It would be pretty hard leaving the things that you have worked for and accomplished, but human values are more important and I probably wouldn’t even hesitate.

Katarina Johnsson

Katarina Johnsson

I assume I fit in the category of harbouring a love refugee. One of the more obvious quirks is the different areas of interest when it comes to sport. I have grown to appreciate rugby over the years, but I still struggle with the notion of watching a cricket game for five days.

Another quirk would be the different views on weather. During the winter I get to witness my partner’s fascination and joy with snow, ice and freezing cold temperatures. This is great as I mostly find the winter an inconvenient period just to get through.

On the other hand, in the summer, when my spirit returns, I have to fight his reluctance to spend all our time outside and watch him avoiding the sun by any means possible.


IN PICTURES: 7 of the French government’s sexiest public health adverts

An advertising campaign aimed at convincing young people to get the Covid vaccine has attracted international attention, but it’s not the first time that French authorities have sexed up their public health messaging.

IN PICTURES: 7 of the French government's sexiest public health adverts
Image: AIDES.

It’s an international cliché that France is the land of l’amour – or at least the land of le sexe – and that reputation does seem to be justified, given how often French public health bodies have turned to sex in an attempt to get their message across.

From the suggestive to the downright scandalous, here are seven examples of health campaigns which relied on that oh so French fondness for romance.

Get vaccinated, get laid

The Covid campaign in question was created by regional health authorities in the southern Provence-Alpes-Côtes d’Azur region.

The poster which has got people hot under the collar features two very attractive and very French-looking people kissing, seemingly in the back of a cab after a night on the town. “Yes, the vaccine can have desirable effects,” it says.

The campaign has proved so popular that it will soon be expanded.

Promoting road safety

Earlier this year, the French Road Safety Delegation released a video ahead of Valentine’s Day, which showed a couple sharing an intimate moment in the bedroom.

The full 30-second video featured the slogan, “Life is better than one last drink for the road”.

Another image of two people kissing, seemingly without clothes, included the line, “Life, love. On the road, don’t forget what truly matters.”

Fight against HIV/AIDS

While the link between road safety and sex isn’t immediately obvious, less surprising are the references to intimacy in the health ministry’s HIV awareness campaign from 2016.

Each of the different posters shows two men embracing. Straplines include, “With a lover, with a friend, with a stranger. Situations vary, and so do the protective measures.”

The posters shocked conservative sensibilities, and several right-wing mayors asked for them to be taken down in their towns. 

HIV awareness campaign

Just a few days after the controversy over the ministry’s posters ignited, the non-profit AIDES launched its own campaign, and it didn’t hold back.

The posters showed scuba instructors, piano teachers and parachutists, all of them naked alongside their students. The slogan: “People undergoing treatment for HIV have a lot of things to pass onto us. But the AIDS virus isn’t one.”

“Even if we’ve been spreading this information since 2008, we realise that a lot of people don’t know that antiviral treatments prevent spreading,” head of AIDES Aurélien Beaucamp told France Info.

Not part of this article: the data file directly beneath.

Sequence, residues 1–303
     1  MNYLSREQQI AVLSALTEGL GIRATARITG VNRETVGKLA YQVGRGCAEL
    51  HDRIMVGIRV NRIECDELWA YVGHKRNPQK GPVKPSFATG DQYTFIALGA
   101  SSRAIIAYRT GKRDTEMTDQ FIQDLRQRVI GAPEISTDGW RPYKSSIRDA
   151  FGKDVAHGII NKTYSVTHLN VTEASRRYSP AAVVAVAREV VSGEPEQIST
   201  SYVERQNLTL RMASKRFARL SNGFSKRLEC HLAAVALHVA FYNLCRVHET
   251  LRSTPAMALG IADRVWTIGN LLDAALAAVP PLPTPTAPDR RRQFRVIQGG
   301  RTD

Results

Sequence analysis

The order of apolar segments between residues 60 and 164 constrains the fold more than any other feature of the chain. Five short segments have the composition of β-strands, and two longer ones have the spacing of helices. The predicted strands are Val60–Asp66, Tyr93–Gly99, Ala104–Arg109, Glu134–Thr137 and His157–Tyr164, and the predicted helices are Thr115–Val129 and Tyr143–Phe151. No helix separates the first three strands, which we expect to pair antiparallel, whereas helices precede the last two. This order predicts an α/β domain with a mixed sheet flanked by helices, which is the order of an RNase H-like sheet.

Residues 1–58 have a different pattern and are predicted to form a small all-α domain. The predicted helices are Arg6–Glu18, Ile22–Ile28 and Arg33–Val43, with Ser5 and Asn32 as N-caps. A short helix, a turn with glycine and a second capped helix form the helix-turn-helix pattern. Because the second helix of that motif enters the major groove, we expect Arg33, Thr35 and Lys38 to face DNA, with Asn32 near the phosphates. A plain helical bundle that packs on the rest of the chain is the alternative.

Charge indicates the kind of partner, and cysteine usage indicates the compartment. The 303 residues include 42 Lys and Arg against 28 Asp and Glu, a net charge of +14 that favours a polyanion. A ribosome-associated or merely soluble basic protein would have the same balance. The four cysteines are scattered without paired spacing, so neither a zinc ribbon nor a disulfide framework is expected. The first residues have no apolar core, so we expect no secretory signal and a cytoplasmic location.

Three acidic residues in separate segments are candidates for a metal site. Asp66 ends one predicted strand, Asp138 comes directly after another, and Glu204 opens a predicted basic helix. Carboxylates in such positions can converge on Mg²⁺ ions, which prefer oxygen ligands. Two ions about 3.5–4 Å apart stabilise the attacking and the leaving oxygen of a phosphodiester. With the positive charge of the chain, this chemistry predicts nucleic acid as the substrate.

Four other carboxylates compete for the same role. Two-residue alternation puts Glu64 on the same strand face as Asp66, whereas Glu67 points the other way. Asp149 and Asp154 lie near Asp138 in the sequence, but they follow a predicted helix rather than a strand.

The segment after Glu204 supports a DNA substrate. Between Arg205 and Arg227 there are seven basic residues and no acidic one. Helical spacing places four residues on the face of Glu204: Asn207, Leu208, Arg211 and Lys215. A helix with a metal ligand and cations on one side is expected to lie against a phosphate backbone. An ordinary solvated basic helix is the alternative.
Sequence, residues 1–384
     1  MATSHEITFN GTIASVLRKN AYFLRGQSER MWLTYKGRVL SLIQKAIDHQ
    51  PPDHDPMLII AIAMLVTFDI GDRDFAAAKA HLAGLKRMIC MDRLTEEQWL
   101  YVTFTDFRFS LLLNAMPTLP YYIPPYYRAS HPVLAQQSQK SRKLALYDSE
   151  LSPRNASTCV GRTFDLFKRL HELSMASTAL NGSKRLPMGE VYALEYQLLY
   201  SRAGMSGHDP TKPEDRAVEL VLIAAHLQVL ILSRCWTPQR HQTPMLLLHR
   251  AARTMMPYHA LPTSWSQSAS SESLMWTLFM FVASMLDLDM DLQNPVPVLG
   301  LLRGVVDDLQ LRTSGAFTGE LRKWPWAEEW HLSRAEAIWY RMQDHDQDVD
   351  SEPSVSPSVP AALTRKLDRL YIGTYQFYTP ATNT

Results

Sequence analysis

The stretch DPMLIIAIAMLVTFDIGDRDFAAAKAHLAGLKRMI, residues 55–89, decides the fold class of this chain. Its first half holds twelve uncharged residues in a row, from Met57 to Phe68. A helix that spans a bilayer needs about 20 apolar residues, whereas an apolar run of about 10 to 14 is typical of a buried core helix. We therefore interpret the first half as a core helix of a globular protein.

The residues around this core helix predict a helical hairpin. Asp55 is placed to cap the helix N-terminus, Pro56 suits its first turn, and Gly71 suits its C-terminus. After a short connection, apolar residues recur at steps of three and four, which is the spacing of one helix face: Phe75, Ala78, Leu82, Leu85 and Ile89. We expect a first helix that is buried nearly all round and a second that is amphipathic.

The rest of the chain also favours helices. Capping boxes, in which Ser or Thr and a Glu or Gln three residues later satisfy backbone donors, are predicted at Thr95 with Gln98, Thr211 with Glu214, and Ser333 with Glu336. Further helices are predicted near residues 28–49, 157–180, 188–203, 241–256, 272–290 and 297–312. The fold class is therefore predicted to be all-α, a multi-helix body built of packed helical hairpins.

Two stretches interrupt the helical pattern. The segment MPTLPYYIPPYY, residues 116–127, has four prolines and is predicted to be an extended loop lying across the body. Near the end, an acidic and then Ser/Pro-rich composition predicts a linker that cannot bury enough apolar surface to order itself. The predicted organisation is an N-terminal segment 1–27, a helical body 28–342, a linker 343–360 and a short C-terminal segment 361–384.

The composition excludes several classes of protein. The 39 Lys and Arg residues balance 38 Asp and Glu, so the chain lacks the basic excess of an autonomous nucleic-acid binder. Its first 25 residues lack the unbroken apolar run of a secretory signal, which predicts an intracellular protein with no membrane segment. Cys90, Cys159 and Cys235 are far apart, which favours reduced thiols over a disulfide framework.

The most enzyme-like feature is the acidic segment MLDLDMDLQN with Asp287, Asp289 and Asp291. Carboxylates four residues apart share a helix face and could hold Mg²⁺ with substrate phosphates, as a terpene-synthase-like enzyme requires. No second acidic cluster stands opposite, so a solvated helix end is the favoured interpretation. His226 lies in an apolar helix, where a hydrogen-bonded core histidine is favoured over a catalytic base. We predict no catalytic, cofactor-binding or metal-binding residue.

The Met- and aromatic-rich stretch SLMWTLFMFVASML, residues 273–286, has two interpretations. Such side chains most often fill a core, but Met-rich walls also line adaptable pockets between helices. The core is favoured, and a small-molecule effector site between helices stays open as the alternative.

“People are still afraid of those who are HIV-positive.” 

Government-mandated pornography

It’s common for sexualised advertising campaigns to be labelled pornographic by critics, but in 1998, the French government went a step further and created actual pornography.

READ ALSO Language of love – 15 of the best romantic French phrases

The health ministry commissioned TV station Canal Plus to create five short erotic films to encourage the use of condoms and prevent the spread of HIV. The campaign featured up-and-coming directors such as Cedric Klapisch and Gaspar Noé.

“The only possible way to look at, to get people to protect themselves, is to show, show everything, show simply and without creating an obsession of the sexual act and the act of wearing a condom,” Klapisch said, according to an Associated Press story published at the time. 

You didn’t really think we’d include images of this one, did you? (OK, here’s a link for those who are curious).

A controversial anti-smoking campaign

It’s time to forget what we said about romance, because there is nothing romantic about this 2010 campaign from the Droits des Non-Fumeurs (Non-smokers’ rights) association and the BDDP & Fils communications agency.

The campaign featured several images of young people with a cigarette in their mouths, looking up at an adult man who rested his hand on their heads. The cigarette appeared to be coming out of the man’s trousers.

The slogan said, “Smoking means being a slave to tobacco”. The association said the sexual imagery was meant to get the attention of young people who were desensitised to traditional anti-smoking messages, but the posters caused outrage, with members of the government publicly criticising the choice of imagery.

Celebrating LGBTQ+ love

On the other end of the spectrum is this very romantic video from the national health agency Santé Publique France. It was released on May 17th 2021, the International Day Against Homophobia, Transphobia and Biphobia, and was part of a campaign against anti-LGBT discrimination and violence. It is set to Jean-Claude Pascal’s Nous les amoureux

Showing a diverse range of couples kissing, holding hands, and healing each other’s wounds, the video ends on the word play: “In the face of intolerance, it’s up to us to make the difference.”